Generally speaking, you will find lower fees (also known as expense ratios) from index mutual funds. Actively managed funds require portfolio managers and analysts to research stocks, bonds and other investments in order to fill out portfolios. That type of research comes at an additional cost. However, a passively managed fund can simply replicate its chosen benchmark without the manual intervention.
Index funds have continued to gain popularity due to their low-cost structure. Today, there are low-cost index funds for virtually every sector and asset class.
Vanguard 500 Index Fund Admiral Shares
Vanguard is one of the originators of the index fund concept, and the Vanguard 500 Index Fund is the largest.
This fund simply replicates the performance of the Standard & Poor's (S&P) 500 Index and currently has one of the lowest expense ratios out there, at just 0.07%. For every $10,000 invested, the fund would charge an investor just $7 annually.
Fidelity Spartan Extended Market Index Fund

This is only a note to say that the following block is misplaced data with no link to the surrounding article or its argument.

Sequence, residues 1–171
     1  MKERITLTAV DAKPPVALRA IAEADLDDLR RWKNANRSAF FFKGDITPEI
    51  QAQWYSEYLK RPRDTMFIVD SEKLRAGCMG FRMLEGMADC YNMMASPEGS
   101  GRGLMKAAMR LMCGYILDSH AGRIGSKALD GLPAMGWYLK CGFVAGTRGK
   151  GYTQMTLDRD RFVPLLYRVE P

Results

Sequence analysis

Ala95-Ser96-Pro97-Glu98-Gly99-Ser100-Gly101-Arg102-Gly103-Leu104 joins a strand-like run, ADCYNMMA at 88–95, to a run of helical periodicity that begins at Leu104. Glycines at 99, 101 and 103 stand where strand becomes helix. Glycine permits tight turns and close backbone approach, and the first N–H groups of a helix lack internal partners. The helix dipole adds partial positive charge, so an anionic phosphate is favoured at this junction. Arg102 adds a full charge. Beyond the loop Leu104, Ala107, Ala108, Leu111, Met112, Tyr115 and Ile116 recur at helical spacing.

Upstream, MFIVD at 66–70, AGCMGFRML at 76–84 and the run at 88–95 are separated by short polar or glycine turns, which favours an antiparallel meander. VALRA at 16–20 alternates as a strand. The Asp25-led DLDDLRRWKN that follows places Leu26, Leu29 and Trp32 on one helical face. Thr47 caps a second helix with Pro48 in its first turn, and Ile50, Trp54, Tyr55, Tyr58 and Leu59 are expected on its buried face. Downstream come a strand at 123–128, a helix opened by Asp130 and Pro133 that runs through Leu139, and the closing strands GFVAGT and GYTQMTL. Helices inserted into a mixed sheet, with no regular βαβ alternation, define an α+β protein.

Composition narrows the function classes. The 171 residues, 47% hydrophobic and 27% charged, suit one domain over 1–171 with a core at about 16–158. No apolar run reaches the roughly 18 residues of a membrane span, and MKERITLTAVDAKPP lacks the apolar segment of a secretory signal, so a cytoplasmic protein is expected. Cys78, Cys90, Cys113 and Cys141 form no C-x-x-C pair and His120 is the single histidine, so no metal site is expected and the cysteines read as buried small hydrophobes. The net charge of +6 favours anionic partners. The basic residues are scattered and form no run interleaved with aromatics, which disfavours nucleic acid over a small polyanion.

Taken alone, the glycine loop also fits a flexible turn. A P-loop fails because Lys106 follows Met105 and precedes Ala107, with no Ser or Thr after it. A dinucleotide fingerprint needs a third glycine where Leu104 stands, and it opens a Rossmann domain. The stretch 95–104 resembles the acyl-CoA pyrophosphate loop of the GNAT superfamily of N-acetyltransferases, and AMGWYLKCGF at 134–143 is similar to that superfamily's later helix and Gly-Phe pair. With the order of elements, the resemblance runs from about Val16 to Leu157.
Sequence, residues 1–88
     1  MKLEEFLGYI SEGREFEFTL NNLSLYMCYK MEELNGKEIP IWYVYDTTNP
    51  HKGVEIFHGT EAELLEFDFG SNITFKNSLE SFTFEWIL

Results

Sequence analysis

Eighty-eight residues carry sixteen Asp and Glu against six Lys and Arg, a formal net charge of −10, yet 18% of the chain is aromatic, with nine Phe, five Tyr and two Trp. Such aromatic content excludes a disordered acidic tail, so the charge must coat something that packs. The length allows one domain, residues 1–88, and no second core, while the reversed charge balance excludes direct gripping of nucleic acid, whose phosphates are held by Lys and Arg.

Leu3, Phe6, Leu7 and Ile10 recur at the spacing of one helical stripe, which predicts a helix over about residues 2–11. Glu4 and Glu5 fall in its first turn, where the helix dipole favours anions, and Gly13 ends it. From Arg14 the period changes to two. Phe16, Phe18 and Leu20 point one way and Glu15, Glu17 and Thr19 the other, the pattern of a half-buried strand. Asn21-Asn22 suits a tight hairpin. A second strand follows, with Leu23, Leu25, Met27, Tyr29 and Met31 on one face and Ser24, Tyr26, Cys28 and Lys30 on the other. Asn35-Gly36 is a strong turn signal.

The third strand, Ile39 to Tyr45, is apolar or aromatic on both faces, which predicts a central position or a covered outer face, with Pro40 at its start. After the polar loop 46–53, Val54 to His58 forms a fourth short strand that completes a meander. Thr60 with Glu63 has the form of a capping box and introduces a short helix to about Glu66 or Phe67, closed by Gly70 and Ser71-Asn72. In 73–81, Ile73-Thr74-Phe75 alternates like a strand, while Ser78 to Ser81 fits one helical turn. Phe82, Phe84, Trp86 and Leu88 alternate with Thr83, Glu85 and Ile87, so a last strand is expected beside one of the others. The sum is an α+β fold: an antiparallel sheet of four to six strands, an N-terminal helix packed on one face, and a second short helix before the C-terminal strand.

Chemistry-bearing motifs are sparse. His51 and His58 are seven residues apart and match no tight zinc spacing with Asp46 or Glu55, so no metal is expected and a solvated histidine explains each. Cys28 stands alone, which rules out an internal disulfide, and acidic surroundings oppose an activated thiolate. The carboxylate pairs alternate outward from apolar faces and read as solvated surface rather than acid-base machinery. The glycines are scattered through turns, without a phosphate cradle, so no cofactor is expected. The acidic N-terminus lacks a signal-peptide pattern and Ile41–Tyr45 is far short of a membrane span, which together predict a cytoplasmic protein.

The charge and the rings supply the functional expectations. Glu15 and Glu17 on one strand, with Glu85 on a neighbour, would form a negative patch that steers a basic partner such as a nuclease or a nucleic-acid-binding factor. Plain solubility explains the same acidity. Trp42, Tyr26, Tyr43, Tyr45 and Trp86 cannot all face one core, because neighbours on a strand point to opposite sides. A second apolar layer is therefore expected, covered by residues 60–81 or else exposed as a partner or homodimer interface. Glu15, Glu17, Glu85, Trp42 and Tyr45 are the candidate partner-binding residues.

The Extended Market Index Fund looks to invest broadly in the domestic stock market but excludes those companies in the S&P 500. Considering that the S&P 500 generally consists of the largest companies in existence, this fund is primarily focused on small- and mid-cap stocks.
This fund also charges an annualized expense ratio of 0.07%.
Vanguard Total Bond Market Index Admiral Shares
The Total Bond Market Index Fund targets investment-grade debt issues of all maturities and aims for an allocation of roughly two-thirds of total assets in government bonds and one-third in corporate bonds.
Like the mutual funds listed above, this fund has a 0.07% expense ratio.
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